Here in Massachusetts, doctors have already certified hundreds of patients to grow or purchase the drug. Also, a company out of California that produces the drug now has a branch in Framingham, and administrators there have said that it has 1,000 approved patients so far.

Whether this kind of system will thrive remains to be seen. So far, the Massachusetts Medical Society has voiced grave concern over doctors offices that are open for the sole purpose of providing access to one particular drug. This creates a clear conflict of interest for doctors, especially in cases where the drug may not even be in the best interest of the patient.

Boston accident victims may contact the Law Offices of Mark E. Salomone at 1-800-WIN-WIN-1. 


Massachusetts seatbelt use on the rise. What’s driving the increase?

Seatbelts save lives. As seatbelt use has increased nationwide, the fatality rate for motor vehicle accidents has plummeted. That’s probably why seatbelt usage continues to rise in Massachusetts. An estimated 67 percent of Massachusetts motorists wear seatbelts, according to a 2008 study. That’s up dramatically since 1998, when 51 percent of Massachusetts drivers wore seatbelts.

Even so, Massachusetts lags far behind the rest of country in seatbelt usage. The difference may have to do with different seatbelt laws in different states. States like Massachusetts have secondary enforcement seatbelt laws. This means police cannot pull someone over simply for not wearing their seatbelt in Massachusetts. Police in Massachusetts can only issue a $25 ticket for not wearing a seatbelt if there’s another traffic violation.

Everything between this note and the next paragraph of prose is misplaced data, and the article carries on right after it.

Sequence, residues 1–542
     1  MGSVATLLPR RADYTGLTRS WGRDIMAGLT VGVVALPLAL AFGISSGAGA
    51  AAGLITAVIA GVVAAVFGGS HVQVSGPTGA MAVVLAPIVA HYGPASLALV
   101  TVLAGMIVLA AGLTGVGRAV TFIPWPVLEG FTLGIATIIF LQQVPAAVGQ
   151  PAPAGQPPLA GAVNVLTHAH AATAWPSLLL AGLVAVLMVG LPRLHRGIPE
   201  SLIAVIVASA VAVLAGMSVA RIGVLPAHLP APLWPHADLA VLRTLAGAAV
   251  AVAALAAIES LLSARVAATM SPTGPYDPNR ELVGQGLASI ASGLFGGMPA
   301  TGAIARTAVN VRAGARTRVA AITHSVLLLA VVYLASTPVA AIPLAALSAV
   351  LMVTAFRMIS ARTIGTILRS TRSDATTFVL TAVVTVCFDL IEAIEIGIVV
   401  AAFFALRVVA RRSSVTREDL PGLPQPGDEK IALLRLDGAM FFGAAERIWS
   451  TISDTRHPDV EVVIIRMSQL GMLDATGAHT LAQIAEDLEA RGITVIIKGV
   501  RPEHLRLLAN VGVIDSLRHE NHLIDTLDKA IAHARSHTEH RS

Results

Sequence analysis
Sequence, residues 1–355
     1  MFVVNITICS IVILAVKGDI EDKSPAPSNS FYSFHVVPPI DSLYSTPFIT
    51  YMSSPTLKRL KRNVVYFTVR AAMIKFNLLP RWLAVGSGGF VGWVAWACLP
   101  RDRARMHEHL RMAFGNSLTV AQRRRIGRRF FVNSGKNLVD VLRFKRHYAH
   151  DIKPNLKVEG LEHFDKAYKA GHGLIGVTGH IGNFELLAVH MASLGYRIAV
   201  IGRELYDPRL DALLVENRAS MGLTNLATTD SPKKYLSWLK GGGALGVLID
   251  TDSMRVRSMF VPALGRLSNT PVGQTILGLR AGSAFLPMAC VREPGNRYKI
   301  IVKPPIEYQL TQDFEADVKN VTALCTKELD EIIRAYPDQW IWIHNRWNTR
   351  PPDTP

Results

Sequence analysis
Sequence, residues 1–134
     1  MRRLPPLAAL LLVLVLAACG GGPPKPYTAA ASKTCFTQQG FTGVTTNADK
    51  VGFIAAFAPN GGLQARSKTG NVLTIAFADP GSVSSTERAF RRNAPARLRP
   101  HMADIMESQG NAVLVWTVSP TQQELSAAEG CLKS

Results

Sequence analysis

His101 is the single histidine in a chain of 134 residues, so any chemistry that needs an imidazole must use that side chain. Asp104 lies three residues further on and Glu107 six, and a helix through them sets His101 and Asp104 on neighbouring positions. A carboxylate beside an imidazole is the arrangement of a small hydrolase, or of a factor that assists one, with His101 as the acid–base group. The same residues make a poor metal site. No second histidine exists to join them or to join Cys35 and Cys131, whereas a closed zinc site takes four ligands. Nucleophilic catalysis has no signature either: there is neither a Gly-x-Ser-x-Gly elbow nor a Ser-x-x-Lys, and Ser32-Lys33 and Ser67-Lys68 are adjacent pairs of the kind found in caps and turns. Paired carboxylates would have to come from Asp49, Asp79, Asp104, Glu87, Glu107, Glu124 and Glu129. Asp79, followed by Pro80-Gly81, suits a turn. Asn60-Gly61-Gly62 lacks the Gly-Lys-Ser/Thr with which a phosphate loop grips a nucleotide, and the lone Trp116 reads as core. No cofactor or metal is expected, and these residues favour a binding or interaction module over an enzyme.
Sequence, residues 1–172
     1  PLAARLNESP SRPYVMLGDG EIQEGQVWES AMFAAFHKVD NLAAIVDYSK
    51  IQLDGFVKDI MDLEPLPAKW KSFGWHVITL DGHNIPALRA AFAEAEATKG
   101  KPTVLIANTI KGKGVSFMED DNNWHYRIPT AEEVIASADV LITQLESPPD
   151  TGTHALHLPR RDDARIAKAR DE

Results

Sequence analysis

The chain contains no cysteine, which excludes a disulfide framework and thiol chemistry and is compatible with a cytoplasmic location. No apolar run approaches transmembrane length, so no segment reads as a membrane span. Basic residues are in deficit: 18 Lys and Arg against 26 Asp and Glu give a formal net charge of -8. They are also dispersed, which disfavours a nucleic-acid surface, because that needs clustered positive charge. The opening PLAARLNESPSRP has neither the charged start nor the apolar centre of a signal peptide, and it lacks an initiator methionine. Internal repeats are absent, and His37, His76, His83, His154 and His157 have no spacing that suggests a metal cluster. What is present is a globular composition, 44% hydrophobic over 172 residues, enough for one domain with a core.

States with primary seatbelt laws (meaning police can stop someone simply for not wearing their seatbelt) report that 88 percent of motorists wear seatbelts. States without such laws report that 75 percent of motorists wear seatbelts.

Seatbelts are not perfect. They are only effective if they function correctly. And sometimes, seatbelts have fatal flaws.

Several years ago, a gifted young professional baseball player, Brian Cole, was killed when his Ford SUV rolled over and his seatbelt failed to hold him in place. An investigation found that Cole had on his seatbelt. Ford insisted there was nothing wrong with the seatbelt. The courts disagreed. Recently, a jury ordered Ford to pay Cole’s family $131 million, claiming the seatbelt did not operate correctly and contributed to Cole’s death.

Accidents happen fast. You life can change in an instant. What would you do if you were injured in a car accident? What if you couldn’t work? How would you pay your bills? What if your insurance company refused to pay you? You need an action plan. You need someone who’s not afraid to take on big insurance companies. You need someone who understands the law. You need someone experienced with winning such complicated cases. You need the Law Offices of Mark E. Salomone.

Our lawyers have years of experience successfully representing car accident victims in Massachusetts. We know the games insurance companies play to avoid paying victims. Level the playing field. Call a law firm dedicated to getting results for our clients. Contact Mark E. Salomone today. We mean business.